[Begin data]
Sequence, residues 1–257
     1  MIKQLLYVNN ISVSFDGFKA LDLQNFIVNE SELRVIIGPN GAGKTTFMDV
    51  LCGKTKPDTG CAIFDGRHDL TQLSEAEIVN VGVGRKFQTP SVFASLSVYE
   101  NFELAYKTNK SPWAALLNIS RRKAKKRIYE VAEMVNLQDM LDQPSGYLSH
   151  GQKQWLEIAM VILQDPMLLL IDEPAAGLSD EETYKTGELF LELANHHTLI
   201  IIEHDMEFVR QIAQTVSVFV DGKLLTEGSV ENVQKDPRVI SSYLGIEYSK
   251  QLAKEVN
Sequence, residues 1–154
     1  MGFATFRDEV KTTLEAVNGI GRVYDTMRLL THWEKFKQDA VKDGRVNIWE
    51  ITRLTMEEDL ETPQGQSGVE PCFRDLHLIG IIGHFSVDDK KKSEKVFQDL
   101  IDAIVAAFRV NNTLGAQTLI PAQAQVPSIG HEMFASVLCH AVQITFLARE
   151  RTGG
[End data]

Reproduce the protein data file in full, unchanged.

Sequence, residues 1–257
     1  MIKQLLYVNN ISVSFDGFKA LDLQNFIVNE SELRVIIGPN GAGKTTFMDV
    51  LCGKTKPDTG CAIFDGRHDL TQLSEAEIVN VGVGRKFQTP SVFASLSVYE
   101  NFELAYKTNK SPWAALLNIS RRKAKKRIYE VAEMVNLQDM LDQPSGYLSH
   151  GQKQWLEIAM VILQDPMLLL IDEPAAGLSD EETYKTGELF LELANHHTLI
   201  IIEHDMEFVR QIAQTVSVFV DGKLLTEGSV ENVQKDPRVI SSYLGIEYSK
   251  QLAKEVN
Sequence, residues 1–154
     1  MGFATFRDEV KTTLEAVNGI GRVYDTMRLL THWEKFKQDA VKDGRVNIWE
    51  ITRLTMEEDL ETPQGQSGVE PCFRDLHLIG IIGHFSVDDK KKSEKVFQDL
   101  IDAIVAAFRV NNTLGAQTLI PAQAQVPSIG HEMFASVLCH AVQITFLARE
   151  RTGG